When the tax credit was first being advertised on the radio, I knocked on doors in my constituency to ascertain whether the advertising was effective. I found that people had heard the radio advertisements, had obtained the application pack from the Inland Revenue, had completed the forms and had returned the pack. They were quick off the starting blocks. They were quick as well to understand the benefits that the tax credit would offer them. I am sure that the improvement of the child credit system, along with improved child benefit, will be much appreciated by many families in my constituency.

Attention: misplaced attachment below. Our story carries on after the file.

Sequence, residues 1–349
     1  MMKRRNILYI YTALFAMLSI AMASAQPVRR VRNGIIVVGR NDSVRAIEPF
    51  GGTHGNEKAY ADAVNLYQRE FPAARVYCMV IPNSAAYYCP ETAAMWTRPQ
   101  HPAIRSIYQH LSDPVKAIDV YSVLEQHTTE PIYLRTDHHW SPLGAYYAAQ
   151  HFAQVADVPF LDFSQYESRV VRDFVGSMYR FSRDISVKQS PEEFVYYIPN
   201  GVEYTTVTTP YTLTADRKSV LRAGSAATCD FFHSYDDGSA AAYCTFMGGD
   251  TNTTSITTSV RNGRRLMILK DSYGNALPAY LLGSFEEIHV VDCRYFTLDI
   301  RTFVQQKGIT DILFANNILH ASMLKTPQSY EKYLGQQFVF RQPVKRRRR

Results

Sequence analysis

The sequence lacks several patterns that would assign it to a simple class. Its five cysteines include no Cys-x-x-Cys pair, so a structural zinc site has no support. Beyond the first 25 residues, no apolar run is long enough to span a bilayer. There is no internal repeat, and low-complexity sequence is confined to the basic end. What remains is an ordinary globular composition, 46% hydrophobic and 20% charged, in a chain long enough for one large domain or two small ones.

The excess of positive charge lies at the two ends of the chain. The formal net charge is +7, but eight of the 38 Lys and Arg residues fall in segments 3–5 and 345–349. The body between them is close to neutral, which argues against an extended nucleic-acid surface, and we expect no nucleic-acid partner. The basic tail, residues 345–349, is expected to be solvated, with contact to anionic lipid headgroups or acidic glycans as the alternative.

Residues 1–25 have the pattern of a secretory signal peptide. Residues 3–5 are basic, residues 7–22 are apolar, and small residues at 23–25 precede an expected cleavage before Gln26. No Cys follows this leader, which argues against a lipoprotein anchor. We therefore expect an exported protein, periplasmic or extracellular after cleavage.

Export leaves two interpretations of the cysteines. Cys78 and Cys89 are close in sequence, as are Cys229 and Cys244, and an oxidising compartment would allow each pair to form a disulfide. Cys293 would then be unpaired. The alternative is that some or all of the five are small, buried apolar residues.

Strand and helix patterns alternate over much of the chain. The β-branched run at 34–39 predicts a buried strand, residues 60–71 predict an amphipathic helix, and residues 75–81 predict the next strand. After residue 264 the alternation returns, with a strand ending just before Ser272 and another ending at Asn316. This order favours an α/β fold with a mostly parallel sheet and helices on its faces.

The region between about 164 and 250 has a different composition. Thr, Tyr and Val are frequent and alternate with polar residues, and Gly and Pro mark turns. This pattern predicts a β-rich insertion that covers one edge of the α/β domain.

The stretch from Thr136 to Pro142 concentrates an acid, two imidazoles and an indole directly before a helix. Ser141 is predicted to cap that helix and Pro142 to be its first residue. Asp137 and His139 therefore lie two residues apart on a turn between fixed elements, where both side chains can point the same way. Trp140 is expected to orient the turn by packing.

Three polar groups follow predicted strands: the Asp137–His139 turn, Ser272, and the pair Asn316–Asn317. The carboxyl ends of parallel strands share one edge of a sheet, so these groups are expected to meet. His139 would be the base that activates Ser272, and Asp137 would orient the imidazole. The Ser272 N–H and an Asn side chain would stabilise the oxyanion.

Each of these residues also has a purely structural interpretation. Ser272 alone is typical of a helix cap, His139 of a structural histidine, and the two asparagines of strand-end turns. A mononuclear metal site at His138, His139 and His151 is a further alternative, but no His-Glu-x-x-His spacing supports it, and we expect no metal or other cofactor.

I welcome the improvements in maternity leave and maternity pay. They seem to have come remarkably soon after the ending of consultation on these matters, which was only yesterday. I sent a response from my constituency. I can hope only that it had some influence on today's announcement.

It was apparent from a consultation meeting and a questionnaire in my constituency that the main priority for women was to see an improvement in maternity pay

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so that they did not have a sudden dip in income after so many weeks at 80 or 90 per cent. They wished to receive more for the whole of their maternity leave, which they wished to be longer. I am extremely pleased that both aspects have been dealt with by my right hon. Friend the Chancellor this afternoon.